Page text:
Research on social movement outcomes focuses on the publicly visible stages of government policymaking. It rarely opens the black box of government's translation of movement demands beyond the agenda-setting stage and before their materialization into legislative bills. Using a bureaucratic politics perspective, we suggest that bureaucrats play a central role in translating movement agendas into concrete problems and policy solutions, which they tend to link with their bureaus' missions and existing programs. We further suggest that relative consensus among bureaucrats when coupled with politicians' disinclination to intervene in the translation process tends to advantage conservative interpretations of movement agendas. Conversely, interbureau confrontation and political intervention are associated with more radical policy responses. Empirically, we examine the responses of the Israeli government to the large-scale mobilization, in 2011, surrounding the rising costs of housing and living. We build on archival research and interviews with senior bureaucrats located in 11 central-government ministries.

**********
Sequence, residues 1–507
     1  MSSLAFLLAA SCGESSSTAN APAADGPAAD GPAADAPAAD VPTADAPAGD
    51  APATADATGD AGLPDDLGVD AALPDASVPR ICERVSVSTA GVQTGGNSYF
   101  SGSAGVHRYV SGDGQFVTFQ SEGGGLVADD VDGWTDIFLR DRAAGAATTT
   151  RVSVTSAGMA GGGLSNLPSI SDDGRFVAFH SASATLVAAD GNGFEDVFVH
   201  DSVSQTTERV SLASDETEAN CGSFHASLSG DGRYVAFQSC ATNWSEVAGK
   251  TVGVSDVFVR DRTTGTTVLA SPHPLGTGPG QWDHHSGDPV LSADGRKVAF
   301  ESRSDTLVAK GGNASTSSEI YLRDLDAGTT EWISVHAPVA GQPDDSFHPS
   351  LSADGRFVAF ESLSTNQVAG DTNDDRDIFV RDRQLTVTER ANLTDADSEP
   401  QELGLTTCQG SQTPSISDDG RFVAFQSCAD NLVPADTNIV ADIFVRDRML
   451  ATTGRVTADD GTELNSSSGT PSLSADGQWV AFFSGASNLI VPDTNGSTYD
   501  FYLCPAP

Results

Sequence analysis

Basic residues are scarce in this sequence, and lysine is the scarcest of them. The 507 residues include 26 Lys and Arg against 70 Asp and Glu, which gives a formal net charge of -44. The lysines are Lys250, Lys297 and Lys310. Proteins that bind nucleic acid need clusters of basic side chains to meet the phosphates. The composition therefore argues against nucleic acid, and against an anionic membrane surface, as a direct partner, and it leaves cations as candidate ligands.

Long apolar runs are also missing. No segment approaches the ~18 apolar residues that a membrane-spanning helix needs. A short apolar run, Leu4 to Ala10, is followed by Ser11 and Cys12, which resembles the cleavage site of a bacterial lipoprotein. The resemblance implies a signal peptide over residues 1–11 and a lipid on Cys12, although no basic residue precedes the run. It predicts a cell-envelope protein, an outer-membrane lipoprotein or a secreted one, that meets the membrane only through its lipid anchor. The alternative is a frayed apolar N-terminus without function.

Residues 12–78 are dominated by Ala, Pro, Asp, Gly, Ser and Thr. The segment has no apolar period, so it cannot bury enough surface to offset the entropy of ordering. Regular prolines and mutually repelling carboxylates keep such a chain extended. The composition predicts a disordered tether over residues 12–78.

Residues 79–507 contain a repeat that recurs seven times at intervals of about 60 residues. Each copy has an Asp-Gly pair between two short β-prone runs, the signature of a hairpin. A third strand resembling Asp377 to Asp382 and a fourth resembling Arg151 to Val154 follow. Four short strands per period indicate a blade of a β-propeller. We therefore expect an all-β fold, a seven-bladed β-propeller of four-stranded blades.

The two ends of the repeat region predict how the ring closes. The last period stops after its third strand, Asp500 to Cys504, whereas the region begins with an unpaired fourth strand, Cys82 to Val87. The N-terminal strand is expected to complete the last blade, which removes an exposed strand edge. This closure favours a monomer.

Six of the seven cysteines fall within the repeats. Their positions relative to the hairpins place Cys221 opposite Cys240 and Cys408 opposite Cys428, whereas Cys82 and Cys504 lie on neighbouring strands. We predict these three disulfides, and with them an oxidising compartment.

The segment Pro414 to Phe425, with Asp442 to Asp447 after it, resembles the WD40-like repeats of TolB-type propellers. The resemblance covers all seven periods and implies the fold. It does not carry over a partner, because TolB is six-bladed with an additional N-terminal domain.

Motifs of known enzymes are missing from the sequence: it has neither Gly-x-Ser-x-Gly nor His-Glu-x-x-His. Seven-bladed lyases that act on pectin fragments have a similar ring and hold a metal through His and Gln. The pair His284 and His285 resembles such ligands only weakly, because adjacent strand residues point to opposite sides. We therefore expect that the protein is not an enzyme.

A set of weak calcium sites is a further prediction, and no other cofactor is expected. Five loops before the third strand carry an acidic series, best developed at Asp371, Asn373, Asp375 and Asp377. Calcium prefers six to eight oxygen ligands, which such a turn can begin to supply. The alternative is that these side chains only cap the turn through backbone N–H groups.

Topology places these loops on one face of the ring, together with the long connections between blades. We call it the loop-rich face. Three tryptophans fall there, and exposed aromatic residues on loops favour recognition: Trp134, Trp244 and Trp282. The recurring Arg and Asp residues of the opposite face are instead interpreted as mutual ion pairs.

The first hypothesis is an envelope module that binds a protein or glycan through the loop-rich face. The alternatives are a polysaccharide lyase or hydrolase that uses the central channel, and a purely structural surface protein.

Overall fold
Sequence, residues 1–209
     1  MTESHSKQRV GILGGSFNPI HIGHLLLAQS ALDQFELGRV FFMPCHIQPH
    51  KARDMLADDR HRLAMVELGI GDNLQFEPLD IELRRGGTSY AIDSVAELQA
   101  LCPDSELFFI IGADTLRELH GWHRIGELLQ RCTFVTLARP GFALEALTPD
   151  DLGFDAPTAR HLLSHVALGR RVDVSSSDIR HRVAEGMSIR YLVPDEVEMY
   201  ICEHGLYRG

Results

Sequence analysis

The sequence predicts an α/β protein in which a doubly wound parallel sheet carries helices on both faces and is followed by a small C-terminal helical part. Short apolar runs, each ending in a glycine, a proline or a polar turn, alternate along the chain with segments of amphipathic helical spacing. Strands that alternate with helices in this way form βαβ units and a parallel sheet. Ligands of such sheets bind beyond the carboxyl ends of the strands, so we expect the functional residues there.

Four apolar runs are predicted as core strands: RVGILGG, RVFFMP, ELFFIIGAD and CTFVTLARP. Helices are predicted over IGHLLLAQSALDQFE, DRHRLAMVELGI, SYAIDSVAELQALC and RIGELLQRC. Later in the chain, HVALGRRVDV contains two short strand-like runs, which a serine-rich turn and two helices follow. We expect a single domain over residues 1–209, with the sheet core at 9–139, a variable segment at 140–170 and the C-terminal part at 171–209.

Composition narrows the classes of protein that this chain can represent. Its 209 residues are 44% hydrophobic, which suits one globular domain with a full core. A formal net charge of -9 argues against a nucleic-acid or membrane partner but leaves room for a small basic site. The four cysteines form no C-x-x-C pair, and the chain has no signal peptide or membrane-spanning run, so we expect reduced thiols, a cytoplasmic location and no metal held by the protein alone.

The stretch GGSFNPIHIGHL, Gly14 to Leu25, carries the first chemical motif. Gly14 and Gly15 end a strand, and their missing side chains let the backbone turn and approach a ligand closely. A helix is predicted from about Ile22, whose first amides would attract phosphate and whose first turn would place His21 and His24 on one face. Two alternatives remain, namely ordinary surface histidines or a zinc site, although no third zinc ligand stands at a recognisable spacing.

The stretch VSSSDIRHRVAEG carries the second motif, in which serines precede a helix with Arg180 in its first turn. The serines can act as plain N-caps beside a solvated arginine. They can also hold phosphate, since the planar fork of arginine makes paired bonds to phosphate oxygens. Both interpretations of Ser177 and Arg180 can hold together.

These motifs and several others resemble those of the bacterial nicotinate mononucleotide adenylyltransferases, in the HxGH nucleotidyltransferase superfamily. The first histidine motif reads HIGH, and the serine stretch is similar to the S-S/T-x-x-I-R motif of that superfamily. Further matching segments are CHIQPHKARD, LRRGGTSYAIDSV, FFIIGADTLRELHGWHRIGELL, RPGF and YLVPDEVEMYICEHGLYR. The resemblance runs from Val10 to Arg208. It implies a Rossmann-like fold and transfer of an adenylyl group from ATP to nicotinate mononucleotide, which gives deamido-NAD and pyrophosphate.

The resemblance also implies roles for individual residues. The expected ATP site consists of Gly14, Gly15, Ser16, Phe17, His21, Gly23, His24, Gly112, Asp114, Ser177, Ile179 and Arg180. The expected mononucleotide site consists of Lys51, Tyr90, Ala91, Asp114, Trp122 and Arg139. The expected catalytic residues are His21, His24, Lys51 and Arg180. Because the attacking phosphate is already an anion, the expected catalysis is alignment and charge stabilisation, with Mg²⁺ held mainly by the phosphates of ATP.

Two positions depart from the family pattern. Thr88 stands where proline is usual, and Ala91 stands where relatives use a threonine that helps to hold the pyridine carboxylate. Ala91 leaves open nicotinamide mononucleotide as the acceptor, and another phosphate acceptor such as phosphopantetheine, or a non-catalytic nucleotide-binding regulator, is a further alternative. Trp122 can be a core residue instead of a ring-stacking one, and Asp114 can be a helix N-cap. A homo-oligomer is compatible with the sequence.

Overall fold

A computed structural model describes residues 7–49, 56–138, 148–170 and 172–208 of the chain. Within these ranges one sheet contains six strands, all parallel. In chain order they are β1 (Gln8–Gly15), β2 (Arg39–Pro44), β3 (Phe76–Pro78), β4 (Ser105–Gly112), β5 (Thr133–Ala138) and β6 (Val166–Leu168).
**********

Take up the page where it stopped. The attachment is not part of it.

Bibliographical noteFunding Information:
We are thankful to 76 Israeli senior civil servants for their time and invaluable insights. We also thank Eitan Alimi, Michal Frenkel, Martin Lodge, Ronen Mandelkern, Michael Shalev, Ilana Shpaizman, two anonymous reviewers, and Governance Editor Paolo Graziano for helpful comments and guidance. This research was supported by the Israel Science Foundation (Grant No. 454/16).
© 2018 Wiley Periodicals, Inc.
ASJC Scopus subject areas
- Sociology and Political Science
- Public Administration